Topologically Associating Domains (TADs) separate vertebrate genomes into insulated regulatory neighborhoods that focus genome-associated processes. TADs are formed by Cohesin-mediated loop extrusion, with many TAD boundaries consisting of clustered binding sites of the CTCF insulator protein. Here we determine how this clustering of CTCF binding contributes to the blocking of loop extrusion and the insulation between TADs. We identify enrichment of three features of CTCF binding at strong TAD boundaries, consisting of strongly bound and closely spaced CTCF binding peaks, with a further enrichment of DNA-binding motifs within these peaks. Using multi-contact Nano-C analysis in cells with normal and perturbed CTCF binding, we establish that individual CTCF binding sites contribute to the blocking of loop extrusion, but in an incomplete manner. When clustered, individual CTCF binding sites thus create a stepwise insulation between neighboring TADs. Based on these results, we propose a model whereby multiple instances of temporal loop extrusion blocking create strong insulation between TADs.

RevDate: 2023-08-22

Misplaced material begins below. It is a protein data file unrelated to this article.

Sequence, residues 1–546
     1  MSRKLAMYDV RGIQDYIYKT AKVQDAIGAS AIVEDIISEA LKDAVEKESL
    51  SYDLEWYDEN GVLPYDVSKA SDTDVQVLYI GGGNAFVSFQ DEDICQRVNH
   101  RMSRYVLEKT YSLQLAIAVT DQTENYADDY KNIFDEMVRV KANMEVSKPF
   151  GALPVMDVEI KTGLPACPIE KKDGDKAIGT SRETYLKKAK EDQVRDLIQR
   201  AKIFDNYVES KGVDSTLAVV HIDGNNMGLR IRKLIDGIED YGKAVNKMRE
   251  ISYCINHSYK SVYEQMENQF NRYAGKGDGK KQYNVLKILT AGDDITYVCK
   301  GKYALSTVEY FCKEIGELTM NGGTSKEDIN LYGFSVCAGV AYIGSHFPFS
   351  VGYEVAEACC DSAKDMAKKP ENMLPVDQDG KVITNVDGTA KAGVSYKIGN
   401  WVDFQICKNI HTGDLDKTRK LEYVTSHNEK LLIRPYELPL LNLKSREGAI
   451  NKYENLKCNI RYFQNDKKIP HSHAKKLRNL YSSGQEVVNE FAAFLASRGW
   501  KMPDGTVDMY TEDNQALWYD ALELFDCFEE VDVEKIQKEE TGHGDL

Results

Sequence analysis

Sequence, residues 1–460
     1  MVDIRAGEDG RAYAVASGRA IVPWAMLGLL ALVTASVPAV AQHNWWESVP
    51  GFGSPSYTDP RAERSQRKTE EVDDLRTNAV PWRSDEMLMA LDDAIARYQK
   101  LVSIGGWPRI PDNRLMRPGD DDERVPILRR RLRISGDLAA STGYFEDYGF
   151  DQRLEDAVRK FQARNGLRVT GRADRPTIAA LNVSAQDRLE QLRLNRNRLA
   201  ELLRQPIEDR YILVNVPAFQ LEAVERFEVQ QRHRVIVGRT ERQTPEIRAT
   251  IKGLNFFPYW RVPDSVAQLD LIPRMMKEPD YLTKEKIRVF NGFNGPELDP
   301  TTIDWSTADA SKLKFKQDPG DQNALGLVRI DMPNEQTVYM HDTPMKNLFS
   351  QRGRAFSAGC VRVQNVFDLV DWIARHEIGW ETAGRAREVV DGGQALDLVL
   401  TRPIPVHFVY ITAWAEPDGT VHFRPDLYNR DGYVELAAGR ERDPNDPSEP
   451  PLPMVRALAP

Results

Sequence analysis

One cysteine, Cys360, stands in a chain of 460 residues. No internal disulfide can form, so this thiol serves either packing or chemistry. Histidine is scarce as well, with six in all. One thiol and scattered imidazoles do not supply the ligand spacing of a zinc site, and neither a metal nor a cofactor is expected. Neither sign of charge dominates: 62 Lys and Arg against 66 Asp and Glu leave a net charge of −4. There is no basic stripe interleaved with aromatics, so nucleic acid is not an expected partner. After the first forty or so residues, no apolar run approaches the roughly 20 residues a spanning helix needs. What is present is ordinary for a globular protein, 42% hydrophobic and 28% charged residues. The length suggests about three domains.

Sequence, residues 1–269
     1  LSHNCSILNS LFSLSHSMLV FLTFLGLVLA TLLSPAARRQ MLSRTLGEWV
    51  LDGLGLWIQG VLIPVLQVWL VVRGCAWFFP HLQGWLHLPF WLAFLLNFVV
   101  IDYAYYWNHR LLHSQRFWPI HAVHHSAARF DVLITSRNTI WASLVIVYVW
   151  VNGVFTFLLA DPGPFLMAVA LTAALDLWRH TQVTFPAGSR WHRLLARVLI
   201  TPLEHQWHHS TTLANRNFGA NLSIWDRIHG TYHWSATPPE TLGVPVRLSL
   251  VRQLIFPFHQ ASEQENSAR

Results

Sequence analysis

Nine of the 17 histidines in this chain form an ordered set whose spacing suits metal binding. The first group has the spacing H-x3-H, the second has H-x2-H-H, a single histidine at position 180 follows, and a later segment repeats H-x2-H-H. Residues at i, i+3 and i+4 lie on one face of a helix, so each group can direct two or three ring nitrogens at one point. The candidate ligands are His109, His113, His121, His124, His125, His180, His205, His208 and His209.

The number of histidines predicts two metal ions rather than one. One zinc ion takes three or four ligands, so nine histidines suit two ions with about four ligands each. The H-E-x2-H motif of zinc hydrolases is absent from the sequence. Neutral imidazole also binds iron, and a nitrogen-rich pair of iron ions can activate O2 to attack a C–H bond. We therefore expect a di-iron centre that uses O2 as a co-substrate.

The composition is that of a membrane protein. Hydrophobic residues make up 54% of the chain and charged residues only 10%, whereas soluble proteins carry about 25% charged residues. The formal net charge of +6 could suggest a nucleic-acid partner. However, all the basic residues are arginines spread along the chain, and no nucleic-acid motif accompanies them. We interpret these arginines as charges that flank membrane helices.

Chen Y, Zhou T, Liao Z, et al (2023)

Hnrnpk is essential for embryonic limb bud development as a transcription activator and a collaborator of insulator protein Ctcf.

Cell death and differentiation [Epub ahead of print].

Proper development of the limb bud relies on the concordance of various signals, but its molecular mechanisms have not yet been fully illustrated. Here we report that heterogeneous nuclear ribonucleoprotein K (hnRNPK) is essential for limb bud development. Its ablation in the limb bud results in limbless forelimbs and severe deformities of the hindlimbs. In terms of mechanism, hnRNPK functions as a transcription activator for the vital genes involved in the three regulatory axes of limb bud development. Simultaneously, for the first time we elucidate that hnRNPK binds to and coordinates with the insulator protein CCCTC binding factor (CTCF) to maintain a three-dimensional chromatin architecture. Ablation of hnRNPK weakens the binding strength of CTCF to topologically associating domain (TAD) boundaries, then leading to the loose TADs, and decreased interactions between promoters and enhancers, and further decreased transcription of developmental genes. Our study establishes a fundamental and novel role of hnRNPK in regulating limb bud development.